Smith: Tourism is a no-brainer, but also a question of balance. County is currently earning a quarter-million dollars in tourism revenue, so what should the county be expected to invest in getting that return? The current tourism level is just about right, although reviving the once-popular Sperryville apple festival would be a excellent idea, among others, to attract tourists. Need to work on reputation to being open to the right kind of tourism.
Parrish: Tourism helps county revenue stream, but is opposed to a large budget for promoting tourism. Tourism has “ruined” some counties and their way of life, so must be “careful” not to overdue it.
Konick: Tourism doesn’t generate considerable revenue for the county like in other places — particularly anywhere near enough to justify cross subsidizing it out of taxpayer dollars. What the county is doing now is just enough and I would not propose to increase it.
Closing statement highlights
Biniek: “I’m not a big talker. I like to go to the meat of a fact or meat of an issue, get it done, get it over with. I think I can do a good job. I’m here for the people of the county. And I hope to create a future with you, people of the county, one that we can be happy with, that our children can be happy with.”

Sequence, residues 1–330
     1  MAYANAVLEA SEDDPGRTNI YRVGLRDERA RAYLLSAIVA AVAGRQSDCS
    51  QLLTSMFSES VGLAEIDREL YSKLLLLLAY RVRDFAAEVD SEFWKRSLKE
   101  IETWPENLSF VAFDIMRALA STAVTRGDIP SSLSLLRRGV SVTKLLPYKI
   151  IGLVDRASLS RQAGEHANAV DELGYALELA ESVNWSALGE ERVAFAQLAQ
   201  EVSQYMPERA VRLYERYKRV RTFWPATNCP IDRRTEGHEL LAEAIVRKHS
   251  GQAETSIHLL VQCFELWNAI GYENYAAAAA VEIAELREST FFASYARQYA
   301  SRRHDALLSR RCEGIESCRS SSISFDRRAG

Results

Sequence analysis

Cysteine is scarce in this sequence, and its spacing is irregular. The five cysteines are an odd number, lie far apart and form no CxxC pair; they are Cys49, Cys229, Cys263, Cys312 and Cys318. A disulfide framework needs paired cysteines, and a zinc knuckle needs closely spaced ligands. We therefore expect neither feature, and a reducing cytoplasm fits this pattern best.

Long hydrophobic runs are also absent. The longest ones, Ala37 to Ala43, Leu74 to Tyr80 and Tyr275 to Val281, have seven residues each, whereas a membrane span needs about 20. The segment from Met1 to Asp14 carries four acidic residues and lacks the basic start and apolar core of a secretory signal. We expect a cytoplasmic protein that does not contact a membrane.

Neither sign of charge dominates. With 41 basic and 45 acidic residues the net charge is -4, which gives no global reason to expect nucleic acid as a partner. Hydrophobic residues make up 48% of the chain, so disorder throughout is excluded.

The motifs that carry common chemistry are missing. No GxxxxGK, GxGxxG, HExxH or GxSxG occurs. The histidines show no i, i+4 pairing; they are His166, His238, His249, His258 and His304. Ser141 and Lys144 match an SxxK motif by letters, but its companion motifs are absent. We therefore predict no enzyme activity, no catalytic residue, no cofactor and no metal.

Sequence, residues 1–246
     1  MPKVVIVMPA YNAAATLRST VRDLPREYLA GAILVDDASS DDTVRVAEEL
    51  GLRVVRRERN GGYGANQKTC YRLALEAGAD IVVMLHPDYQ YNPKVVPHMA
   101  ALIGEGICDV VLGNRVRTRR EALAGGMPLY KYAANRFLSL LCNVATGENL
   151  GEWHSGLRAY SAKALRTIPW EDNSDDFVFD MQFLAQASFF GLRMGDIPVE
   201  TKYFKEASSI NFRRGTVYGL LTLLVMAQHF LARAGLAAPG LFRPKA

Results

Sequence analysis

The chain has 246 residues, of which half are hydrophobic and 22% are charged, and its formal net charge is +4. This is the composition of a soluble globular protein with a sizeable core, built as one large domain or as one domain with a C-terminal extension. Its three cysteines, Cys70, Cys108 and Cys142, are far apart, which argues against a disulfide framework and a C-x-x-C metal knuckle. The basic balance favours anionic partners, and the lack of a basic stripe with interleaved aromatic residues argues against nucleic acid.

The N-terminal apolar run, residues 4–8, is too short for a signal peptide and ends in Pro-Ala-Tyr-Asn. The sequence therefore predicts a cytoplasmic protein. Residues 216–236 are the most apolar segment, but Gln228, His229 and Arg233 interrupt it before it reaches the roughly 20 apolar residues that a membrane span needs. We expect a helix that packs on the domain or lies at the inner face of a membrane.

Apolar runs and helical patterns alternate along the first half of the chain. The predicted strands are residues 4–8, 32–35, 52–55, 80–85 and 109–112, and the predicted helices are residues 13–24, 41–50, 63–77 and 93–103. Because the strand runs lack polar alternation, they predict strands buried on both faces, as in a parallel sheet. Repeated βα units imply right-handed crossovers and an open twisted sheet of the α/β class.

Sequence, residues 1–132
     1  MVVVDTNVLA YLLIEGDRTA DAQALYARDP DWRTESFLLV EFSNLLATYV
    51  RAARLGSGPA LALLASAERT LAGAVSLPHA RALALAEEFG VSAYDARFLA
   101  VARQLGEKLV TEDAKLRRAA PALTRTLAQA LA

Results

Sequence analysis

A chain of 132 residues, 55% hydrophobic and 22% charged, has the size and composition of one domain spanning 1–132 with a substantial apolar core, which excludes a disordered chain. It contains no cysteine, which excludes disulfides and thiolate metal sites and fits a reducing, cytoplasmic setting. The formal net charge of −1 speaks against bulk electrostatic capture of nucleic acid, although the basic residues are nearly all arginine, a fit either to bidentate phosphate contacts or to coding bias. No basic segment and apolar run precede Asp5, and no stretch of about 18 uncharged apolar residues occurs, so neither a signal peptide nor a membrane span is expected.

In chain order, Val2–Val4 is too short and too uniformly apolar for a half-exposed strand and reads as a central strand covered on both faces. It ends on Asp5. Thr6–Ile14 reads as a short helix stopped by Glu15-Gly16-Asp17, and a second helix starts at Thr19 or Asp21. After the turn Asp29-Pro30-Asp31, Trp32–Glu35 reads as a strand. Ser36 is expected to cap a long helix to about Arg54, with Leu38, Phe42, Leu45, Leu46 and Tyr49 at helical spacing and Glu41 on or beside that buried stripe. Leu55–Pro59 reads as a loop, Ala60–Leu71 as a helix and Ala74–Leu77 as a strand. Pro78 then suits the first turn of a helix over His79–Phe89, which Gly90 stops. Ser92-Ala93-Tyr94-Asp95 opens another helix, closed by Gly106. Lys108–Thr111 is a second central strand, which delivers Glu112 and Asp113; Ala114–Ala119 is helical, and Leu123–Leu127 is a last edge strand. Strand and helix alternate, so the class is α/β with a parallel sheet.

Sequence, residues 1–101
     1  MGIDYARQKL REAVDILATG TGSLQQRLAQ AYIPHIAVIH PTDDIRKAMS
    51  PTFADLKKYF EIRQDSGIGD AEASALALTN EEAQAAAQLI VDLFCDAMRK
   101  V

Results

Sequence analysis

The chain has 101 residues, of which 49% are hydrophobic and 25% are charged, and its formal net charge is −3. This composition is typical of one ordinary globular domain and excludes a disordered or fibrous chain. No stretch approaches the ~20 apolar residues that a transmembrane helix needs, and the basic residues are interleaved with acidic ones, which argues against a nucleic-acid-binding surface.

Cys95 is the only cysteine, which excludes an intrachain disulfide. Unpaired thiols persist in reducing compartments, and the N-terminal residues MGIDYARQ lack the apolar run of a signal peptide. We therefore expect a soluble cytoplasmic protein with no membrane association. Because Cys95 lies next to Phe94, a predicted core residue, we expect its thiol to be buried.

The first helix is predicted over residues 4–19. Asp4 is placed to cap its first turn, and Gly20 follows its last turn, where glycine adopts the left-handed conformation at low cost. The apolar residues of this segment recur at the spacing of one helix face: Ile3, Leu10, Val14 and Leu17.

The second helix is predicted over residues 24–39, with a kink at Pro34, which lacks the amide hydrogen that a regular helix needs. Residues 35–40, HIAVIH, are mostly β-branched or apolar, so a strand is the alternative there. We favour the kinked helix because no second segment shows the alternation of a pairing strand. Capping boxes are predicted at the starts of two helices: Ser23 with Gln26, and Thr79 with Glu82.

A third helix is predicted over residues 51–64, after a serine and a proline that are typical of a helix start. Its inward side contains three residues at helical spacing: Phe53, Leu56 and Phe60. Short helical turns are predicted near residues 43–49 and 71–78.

Smith: “This is my pledge to you: I will be competent; I will be well prepared for meetings; I will follow through with my commitments; I will actively participate in committees that I take on; I will adhere to the Freedom of Information Act; I will avoid conflicts of interest; I will subscribe to records retention; and I will follow correct parliamentary procedure for meetings and encourage my peers to do the same; I will work with the county to institute job descriptions and performance reviews and transition plans for county positions; I will be accountable; I will make my own decisions based on input from the voters of the Piedmont District, not special interest groups — you will never catch my saying ‘My lawyer told me to say this,’ and I will stand by them and not expect the county to bail me out if my decisions are questioned. And being accountable I will safeguard your hard-earned tax dollars; I will be responsive.”
Parrish: “I consider myself kind of a bridge between the old regime and the new regime. I’ve been here all my life; I’ve been going to supervisors meetings for many years . . . I’ve been involved all this time. We have some changes to make and I’m here to help implement those changes.”
Konick: “I’ve probably been to more board of supervisors meetings, more planning commission meetings, and board of zoning appeals meetings than anyone else in the room since coming to Rappahannock over 40 years ago . . . Now the county’s facing some very serious development pressures, some very serious financial issues . . . and some very serious management challenges . . . I feel that my education and my practical experience . . . all make me uniquely qualified to help the board and moreover help the county navigate the very difficult waters that are ahead of us.”